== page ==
Diet and Microbiota: The Two Most Important Determinants of Your Health

plant-foodsWhat does it take to be healthy? If you ask a dozen people on the street this question, the majority of the ones you ask will probably say that adequate physical activity, a healthy diet, and sufficient sleep are the keys to achieving good health. Some may also mention that it’s important to prioritize stress management, spend time in nature, and get adequate sun exposure. Few, if any, of the people you meet will probably say anything about microbes.

This is not surprising, because as a society, we’ve been taught that it’s primarily the human part of our body that is important in the context of health and disease, not the microbial part. Over the past decade, the number of news stories covering topics related to the human microbiome has increased at a progressive pace, but there’s still a long way to go before the average Joe gives his microbiome the attention it deserves.

Some people are not even aware of the fact that their bodies are home to a teeming ecosystem of bacteria. And even those who are tend to underestimate the importance of the microbiome in health and disease. 

A healthy diet will only get you so far

I think few will disagree that all of the lifestyle factors that were mentioned in the beginning of the article are important in the context of health and disease. In order to be healthy, we need to exercise, get enough sleep, and eat a prudent diet. We should also spend as much time as we can in nature, take steps to manage our stress levels, and get some sunlight on our skin, among other things.

Adhering to these healthy lifestyle practises is not always enough though. You can eat a perfect, non-processed diet, spend hours at the gym every week, and sleep for eight straight hours every night, it’s not going to provide you with a healthy body and mind if you harbor an unhealthy microbiota. If your microbiota is in good shape, however, you will experience the full benefits of the aforementioned activities and probably feel pretty great.

There’s no doubt in my mind that a lot of people these days are unhealthy not because there’s anything wrong with their diet or exercise program, but rather because there’s something wrong with their microbiome. Since most doctors, nutritionists, and other health practitioners know little or nothing about the microbiome, the majority of these sick individuals are not made aware of the fact that fixing their microbiota may be the key to fixing their health problems. They may adopt the healthiest diet in the world, but still not get better, because their microbiota is in a compromised state.

An unhealthy diet will always produce an unhealthy microbiota, but that doesn’t mean that a healthy diet will always produce a healthy microbiota. If you already harbor a diverse mix of gut microbes and your gut microbiota is in pretty good shape, simply adhering to a prudent, species-appropriate diet may be suffient to make you healthy; however, if you harbor a degraded, dysfunctional microbiota, adopting a good diet is not going to be enough; you also need to take steps to repair your microbiome.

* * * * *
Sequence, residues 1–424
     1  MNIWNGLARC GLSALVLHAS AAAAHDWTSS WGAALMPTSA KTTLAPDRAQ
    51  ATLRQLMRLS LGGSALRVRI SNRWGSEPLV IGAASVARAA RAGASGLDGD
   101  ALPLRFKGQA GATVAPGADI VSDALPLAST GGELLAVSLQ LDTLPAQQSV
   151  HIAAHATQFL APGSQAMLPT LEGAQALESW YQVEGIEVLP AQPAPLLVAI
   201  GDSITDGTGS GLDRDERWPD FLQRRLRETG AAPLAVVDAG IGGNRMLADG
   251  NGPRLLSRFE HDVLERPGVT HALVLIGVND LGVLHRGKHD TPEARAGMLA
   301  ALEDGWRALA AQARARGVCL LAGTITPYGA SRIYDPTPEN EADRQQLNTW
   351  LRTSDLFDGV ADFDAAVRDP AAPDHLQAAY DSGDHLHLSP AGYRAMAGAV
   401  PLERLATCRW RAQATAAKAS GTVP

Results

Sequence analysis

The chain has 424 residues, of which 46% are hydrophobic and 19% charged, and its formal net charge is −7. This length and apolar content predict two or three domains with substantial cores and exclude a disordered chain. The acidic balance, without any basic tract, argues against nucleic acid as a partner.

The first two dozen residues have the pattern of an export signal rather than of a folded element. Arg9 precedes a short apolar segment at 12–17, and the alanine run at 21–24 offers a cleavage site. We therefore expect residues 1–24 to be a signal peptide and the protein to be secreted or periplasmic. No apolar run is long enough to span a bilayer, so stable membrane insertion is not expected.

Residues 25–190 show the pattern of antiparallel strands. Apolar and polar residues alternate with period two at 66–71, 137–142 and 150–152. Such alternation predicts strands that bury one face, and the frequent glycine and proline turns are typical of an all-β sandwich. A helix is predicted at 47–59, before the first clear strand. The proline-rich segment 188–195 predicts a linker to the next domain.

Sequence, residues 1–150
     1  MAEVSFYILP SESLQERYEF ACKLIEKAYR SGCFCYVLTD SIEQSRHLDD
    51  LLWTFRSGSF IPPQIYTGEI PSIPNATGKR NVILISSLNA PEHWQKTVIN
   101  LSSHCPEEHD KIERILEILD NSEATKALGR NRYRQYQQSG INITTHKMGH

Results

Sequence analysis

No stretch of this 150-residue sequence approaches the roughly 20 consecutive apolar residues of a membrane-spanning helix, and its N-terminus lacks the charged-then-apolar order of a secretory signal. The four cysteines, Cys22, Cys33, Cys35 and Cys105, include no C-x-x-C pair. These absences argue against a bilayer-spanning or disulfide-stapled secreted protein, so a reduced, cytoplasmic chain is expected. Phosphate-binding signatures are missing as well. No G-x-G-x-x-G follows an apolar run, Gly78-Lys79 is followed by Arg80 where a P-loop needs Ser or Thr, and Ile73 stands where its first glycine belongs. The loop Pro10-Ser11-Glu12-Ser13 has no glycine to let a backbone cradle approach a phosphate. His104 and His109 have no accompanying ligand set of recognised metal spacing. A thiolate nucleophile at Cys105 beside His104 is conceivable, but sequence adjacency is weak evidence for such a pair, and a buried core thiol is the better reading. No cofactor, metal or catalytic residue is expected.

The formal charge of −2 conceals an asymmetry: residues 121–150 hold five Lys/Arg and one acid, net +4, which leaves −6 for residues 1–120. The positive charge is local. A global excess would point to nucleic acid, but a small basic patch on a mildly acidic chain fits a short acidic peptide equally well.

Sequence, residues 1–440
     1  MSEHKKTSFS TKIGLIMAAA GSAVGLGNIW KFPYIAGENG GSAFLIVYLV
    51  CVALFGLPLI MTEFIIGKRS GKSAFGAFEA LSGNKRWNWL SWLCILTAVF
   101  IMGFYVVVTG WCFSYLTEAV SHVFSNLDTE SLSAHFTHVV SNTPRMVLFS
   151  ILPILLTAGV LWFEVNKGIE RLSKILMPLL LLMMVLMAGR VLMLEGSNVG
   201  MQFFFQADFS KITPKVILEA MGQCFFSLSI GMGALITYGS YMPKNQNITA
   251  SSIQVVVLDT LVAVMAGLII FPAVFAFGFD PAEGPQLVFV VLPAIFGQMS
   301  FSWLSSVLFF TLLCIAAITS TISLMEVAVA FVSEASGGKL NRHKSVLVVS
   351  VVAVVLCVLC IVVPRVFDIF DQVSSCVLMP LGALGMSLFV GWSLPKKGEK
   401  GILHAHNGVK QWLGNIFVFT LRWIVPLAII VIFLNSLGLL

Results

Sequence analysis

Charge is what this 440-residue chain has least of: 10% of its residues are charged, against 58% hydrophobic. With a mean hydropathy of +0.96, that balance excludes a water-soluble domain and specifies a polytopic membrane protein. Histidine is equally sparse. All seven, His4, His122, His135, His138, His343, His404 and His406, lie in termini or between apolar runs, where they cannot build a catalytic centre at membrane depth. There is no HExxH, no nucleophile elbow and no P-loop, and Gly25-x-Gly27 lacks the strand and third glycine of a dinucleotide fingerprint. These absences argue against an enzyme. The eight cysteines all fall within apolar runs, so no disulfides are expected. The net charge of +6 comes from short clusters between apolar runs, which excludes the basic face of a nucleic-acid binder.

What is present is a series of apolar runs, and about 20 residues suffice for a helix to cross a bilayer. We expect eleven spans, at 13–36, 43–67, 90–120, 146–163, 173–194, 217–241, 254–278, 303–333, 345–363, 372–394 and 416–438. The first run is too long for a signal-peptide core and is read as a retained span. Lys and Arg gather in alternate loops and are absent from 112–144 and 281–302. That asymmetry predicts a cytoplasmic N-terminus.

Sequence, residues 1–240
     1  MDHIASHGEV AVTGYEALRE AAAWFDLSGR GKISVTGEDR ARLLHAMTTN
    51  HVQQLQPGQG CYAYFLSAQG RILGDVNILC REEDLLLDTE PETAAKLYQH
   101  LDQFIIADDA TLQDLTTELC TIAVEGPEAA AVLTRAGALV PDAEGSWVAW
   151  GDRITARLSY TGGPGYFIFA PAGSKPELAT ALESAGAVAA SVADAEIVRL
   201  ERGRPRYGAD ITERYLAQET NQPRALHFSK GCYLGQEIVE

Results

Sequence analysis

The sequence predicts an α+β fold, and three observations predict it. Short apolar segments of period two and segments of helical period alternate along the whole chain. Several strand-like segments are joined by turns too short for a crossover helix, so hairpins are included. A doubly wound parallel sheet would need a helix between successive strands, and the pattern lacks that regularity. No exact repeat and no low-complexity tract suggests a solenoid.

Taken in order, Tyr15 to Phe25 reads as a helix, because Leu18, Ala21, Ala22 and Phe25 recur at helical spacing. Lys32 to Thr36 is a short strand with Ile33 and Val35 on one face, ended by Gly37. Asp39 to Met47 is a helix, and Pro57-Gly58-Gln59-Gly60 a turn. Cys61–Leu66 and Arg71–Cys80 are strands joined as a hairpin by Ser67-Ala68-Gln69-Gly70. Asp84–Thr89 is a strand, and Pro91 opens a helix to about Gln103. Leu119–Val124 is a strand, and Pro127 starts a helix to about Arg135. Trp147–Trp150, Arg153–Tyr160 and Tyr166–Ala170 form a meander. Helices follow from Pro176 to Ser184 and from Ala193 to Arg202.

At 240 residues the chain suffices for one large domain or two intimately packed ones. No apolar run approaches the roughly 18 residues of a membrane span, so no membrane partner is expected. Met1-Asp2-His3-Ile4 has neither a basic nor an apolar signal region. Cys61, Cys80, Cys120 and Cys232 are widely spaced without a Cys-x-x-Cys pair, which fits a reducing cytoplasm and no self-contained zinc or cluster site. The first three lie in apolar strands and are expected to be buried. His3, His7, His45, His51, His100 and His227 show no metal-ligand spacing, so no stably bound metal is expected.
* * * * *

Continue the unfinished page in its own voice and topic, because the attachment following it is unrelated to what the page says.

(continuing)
All free-living macroscopic organisms (e.g., humans) carry a microbiome. The human microbiome acts as an extension of the human genome, in the sense that it provides important genetic capabilities that the human host lacks. When the microbiome is in bad shape, the human host is in bad shape.

The microbiota helps regulate our immune system, breaks down some of the food we eat, impacts our reproductive and sexual function, and produce a long list of hormones, neurotransmitters, and other compounds that affect various organs in our body. Moreover, the microbiota can exert control over our behavior and thoughts, and has been implicated in a long list of chronic health disorders, including mental conditions such as autism, ADHD, and depression.

Why it can be difficult to repair a damaged microbiota

Eating healthy, exercising, and sleeping are easy tasks when compared to the job of repairing a damaged microbiota. In the upper part of your gastrointestinal system, more specifically in your stomach, an acidic shield is blocking microbes from travelling down into the lower parts of your gut. Not all of the microbes you ingest are unable to pass through this acidic barrier, but many are.

The gastric acid is important, in the sense that it destroys potentially harmful microbes that may otherwise be allowed to cause havoc in your body. However, in doing so, it also wipes out many bacteria that have the potential to enhance your health. This is one of the reasons why a lot of people find it difficult to diversify their microbiome.

It takes time and persistence to boost the diversity of the gut microbiota, unless you take a microbiota pill that comes in an acid resistant capsule or perform a fecal microbiota transplant – a procedure in which bacteria are infused directly into the lower parts of the gut.

Key takeaways

In order to achieve good health, it’s not enough to lead a healthy lifestyle and eat a species-appropriate diet, you also need a well-functioning community of microbes in your gut.

  • A healthy diet plus a healthy microbiota equals good health.
  • A healthy diet plus an unhealthy microbiota equals disease.
  • An unhealthy diet plus an unhealthy microbiota equals disease.
  • It’s impossible to eat an unhealthy diet and have a healthy microbiota, because a bad diet will select for a microbiota that is mismatched with the human genome.

Other factors, such as physical activity, sleep, sun exposure, and genetics, are obviously also important determinants of human health, but they may not be as important as diet and microbiota.

Comments